Publication: Monitor Volume: 2 Issue: 177

Hearings on the Chechen conflict scheduled for yesterday’s session of the Parliamentary Assembly of the Council of Europe (PACE), in which Russian Security Council secretary Aleksandr Lebed and Chechen chief-of-staff Aslan Maskhadov had been invited to participate, have been postponed. PACE president Leni Fischer said she received a letter from Lebed on September 21 explaining that he could not come to Strasbourg because he was busy in Moscow with matters concerning Chechnya. Yesterday Maskhadov in turn said he would not be traveling to Strasbourg because he had not received an official invitation. Lebed and Maskhadov reportedly coordinated their actions by telephone. (RTR, September 23)

Russian Duma chairman Gennady Seleznev characterized PACE’s decision to postpone the hearings on Chechnya as "a triumph for reason." (Interfax, NTV, September 23) Indeed, leading Russian politicians had spoken out against the invitation of Maskhadov, who remains a wanted criminal in Russia. The leader of Russia’s PACE delegation, Vladimir Lukin, called the invitation "crude and arrogant interference in Russia’s internal affairs." Lukin stressed that he had cleared his statement with Russia’s Ministry of Foreign Affairs and Federation Council, and recommended that Lebed not attend the hearings. (Interfax, September 11) That prompted Fischer on September 12 to reassert the Council’s "right to examine human rights issues in all member states of the Council of Europe," and to point out that Russia promised to find a peaceful solution in Chechnya when it applied to join the Council of Europe. (UPI, September 23)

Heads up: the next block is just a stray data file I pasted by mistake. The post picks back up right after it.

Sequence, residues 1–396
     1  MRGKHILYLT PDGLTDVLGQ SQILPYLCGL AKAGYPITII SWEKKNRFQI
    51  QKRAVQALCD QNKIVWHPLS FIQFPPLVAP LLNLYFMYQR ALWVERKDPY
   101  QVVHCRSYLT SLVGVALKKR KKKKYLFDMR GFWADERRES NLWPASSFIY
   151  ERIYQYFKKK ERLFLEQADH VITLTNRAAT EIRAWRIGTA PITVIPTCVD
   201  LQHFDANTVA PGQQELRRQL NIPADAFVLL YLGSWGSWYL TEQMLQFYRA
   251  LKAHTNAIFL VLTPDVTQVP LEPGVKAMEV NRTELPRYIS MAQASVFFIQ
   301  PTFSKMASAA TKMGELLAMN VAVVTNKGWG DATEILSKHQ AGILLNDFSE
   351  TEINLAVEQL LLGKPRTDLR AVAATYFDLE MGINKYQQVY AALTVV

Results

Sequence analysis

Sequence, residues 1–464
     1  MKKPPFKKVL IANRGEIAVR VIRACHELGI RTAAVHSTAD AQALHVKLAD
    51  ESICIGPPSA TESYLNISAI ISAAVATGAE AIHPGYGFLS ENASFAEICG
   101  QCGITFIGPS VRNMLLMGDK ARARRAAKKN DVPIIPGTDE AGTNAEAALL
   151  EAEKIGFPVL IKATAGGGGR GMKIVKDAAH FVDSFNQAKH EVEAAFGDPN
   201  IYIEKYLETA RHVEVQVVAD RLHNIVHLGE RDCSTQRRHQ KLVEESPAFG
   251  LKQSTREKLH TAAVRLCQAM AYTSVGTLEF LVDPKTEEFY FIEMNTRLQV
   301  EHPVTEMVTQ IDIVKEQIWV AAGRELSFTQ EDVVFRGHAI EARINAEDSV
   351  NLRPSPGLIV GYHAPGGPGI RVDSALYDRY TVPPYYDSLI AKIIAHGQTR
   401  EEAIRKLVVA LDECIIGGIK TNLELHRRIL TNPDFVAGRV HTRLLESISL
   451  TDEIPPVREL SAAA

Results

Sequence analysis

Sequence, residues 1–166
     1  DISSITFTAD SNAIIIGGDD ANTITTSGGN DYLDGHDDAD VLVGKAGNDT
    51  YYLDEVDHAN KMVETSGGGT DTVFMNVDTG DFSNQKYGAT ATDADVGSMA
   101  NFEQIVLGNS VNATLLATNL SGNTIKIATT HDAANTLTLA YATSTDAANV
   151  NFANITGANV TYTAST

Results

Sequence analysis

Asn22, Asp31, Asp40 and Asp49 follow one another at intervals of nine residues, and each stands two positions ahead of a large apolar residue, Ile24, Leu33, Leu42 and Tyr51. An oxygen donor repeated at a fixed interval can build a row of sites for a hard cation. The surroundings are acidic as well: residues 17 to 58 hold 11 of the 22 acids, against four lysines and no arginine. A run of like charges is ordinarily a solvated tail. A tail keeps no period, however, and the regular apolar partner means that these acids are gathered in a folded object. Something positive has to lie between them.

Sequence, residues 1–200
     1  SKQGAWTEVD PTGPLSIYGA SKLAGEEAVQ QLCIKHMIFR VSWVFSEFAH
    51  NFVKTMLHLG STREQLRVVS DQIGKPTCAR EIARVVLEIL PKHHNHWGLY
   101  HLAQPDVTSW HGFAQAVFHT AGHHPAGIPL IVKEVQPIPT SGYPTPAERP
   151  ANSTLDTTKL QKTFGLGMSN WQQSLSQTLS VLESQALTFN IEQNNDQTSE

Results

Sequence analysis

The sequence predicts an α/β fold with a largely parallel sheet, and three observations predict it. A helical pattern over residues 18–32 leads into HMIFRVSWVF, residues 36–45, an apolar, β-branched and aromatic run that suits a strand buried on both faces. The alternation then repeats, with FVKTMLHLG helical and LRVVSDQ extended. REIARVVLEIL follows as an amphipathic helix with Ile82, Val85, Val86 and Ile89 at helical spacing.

The postponement may be seen as a victory for Russian diplomacy. But although Lebed’s refusal to go to Strasbourg was probably motivated by his unwillingness to quarrel with the Kremlin, it cannot be ruled out that Maskhadov declined the invitation because of increasingly strained relations with Shamil Basayev and those Chechen field commanders who have called for the formation of an Islamic state and accused the chief-of- staff of conceding too much to Lebed. (Argumenty i fakty, September 17) Similar tensions may also underlie the postponement of opposition leader Zelimkhan Yandarbiev’s planned visit to Moscow this week. (Interfax, September 23)

Georgia Seems Ripe for Reappraisal of Relations with Russia.